As I sit here cuddled up in my bed, my husband is trying to give our dog (Jack) a bath in our RV shower. I can see and hear their frustration, so I’m giving very helpful comments from the comfort of the bed. Ha-ha. Jack hasn’t had a bath in a very long time and has a vet appointment in a few days. We can’t have the vet thinking we don’t bathe our dog. But seriously, why would we bathe him when we are out in the dirt 95% of our time? Pointless. Dirt is everywhere in our RV and brown is my new favorite color. I’m supposed to be wiping everything down and cleaning today, but who really wants to do that? I’d rather write instead.
As of today, we are back in California with another lockdown. We are currently in the Palm Springs area at a RV resort. Our original plan was to boondock (dry camp) in areas for free 85% of the time and stay in campgrounds or resorts the other 15%. Having hook-ups and laundry facilities are really nice to have every few weeks to get caught up on stuff and have some luxury. Our reality has been campgrounds and resorts 75% with boondocking 25%. Which ends up costing a lot more money. The pandemic has changed the RV world dramatically. With most travel (especially international) not happening and a lot of people working virtually, the RV life has increased exponentially. The RV rental market saw an increase this year of 650%!!! I can tell you that percentage is very accurate. We have seen them everywhere we have been. Van life has really taken off as well. Lot’s of 20’s and 30’s are out in converted vans, UPS trucks, school buses, shuttle buses and class b’s. They either can work virtually or are of the many who have lost their jobs. They mainly boondock and that has definitely made it more difficult for us to find places to camp. Campgrounds and RV resorts are full of families working virtually and homeschooling. Just a couple of years ago, traveling in Fall-Spring were ideal times. That is just not the case anymore. Planning, researching, and reserving are the keys to making it out here. Good thing those are exactly what us type A’s thrive on.
Traveling from state to state has been interesting. Each state/city/county having different mandates and guidelines, or for some, none at all. We are always unsure of what is required, etc. I can say that RVing is definitely a great way to social distance. We are self-contained and really only go to grocery stores, gas stations, hike, and drive the jeep off-road. We can see and experience things, but be socially distanced at the same time. Hence why RV travel has skyrocketed. Social media mainly only shows how much fun everyone is having, but none of the hard work that goes along with it. Myself included. I usually only post all the happy pictures and cool places we have gone to, but not the crappy days (literally and figuratively), things breaking, pipes freezing, water leaks, crazy wind that rips your door trim off driving down the highway, frustrating days when you can’t find a campsite and you’re both hangry, no cell service to help find a campsite, disrespectful neighbors, continuous nights of little sleep, taking 1 shower a week, living in a very small space with your significant other, your dog peeing on floor/rugs in the middle of the night with no access to a washer and dryer, and trying to find laundromats in each new area you arrive so you don’t have to handwash underwear and socks again. I have had days of sadness and frustration over what has become of our country and world. I still have days where I cry over how this whole journey for us got started on the wrong foot because of it all. I am now seeing in several RV groups people who bought an RV in June are now selling, because it is not what they thought it would be. That no one told them the hard things about it. I knew the hard things about it, but I think they are even harder during a pandemic with lockdowns, mandates, and a whole lot more people trying to do the same thing!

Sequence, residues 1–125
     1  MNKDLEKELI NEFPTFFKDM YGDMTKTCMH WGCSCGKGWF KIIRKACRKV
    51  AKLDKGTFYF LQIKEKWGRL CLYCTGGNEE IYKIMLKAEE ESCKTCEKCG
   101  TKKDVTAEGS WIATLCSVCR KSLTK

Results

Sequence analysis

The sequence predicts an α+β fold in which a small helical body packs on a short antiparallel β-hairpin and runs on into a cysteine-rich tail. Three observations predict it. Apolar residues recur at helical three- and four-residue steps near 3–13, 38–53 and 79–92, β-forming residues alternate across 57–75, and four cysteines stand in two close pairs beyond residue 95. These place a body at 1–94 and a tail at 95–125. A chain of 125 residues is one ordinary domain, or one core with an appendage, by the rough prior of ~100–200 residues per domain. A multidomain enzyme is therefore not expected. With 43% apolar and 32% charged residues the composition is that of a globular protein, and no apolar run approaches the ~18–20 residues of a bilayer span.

With the new lockdown in California, our reservations at a campground close to family were cancelled. We were able to find a resort that would take us for a 3-4-week commitment. We are very thankful for that, so that we can be “home” for Christmas. We are unclear about our plans for the new year. We know that they will not be in California. We were planning on heading southeast toward the east coast, but don’t want to go to far too fast. With all the uncertainty, we are not sure if we will need to hunker down for a few months again like this year. I don’t want to be half-way across the country when that happens. I keep trying to figure out why God had us start this journey at the same time as a pandemic, but I am sure in the future the answer will be clear. I just pray and trust Him. I do miss my family and friends, but also feel that God is using this time to heal me and Gannon, and prepare us for what is to come.
Even with all the hardships & heartbreak this year and new lifestyle have brought, we are still very grateful that we are able to do this. To live this nomadic life, have adventures, and live a different kind of American dream is such a privilege to us. My husband is happier than he has been in many years and that makes me truly happy. We started this journey/dream with certain expectations in mind of how things would be and go. Throwing them out the window and just going with the flow on the daily has become our new way to live. Flexibility is key. This is not how we thought things would look for us, but it’s not how anyone thought 2020 was going to look for them. I don’t think 2021 is going to look a whole lot different, so we will adjust our budget and expectations, look at the bigger picture, and find the joy and adventure that each day holds.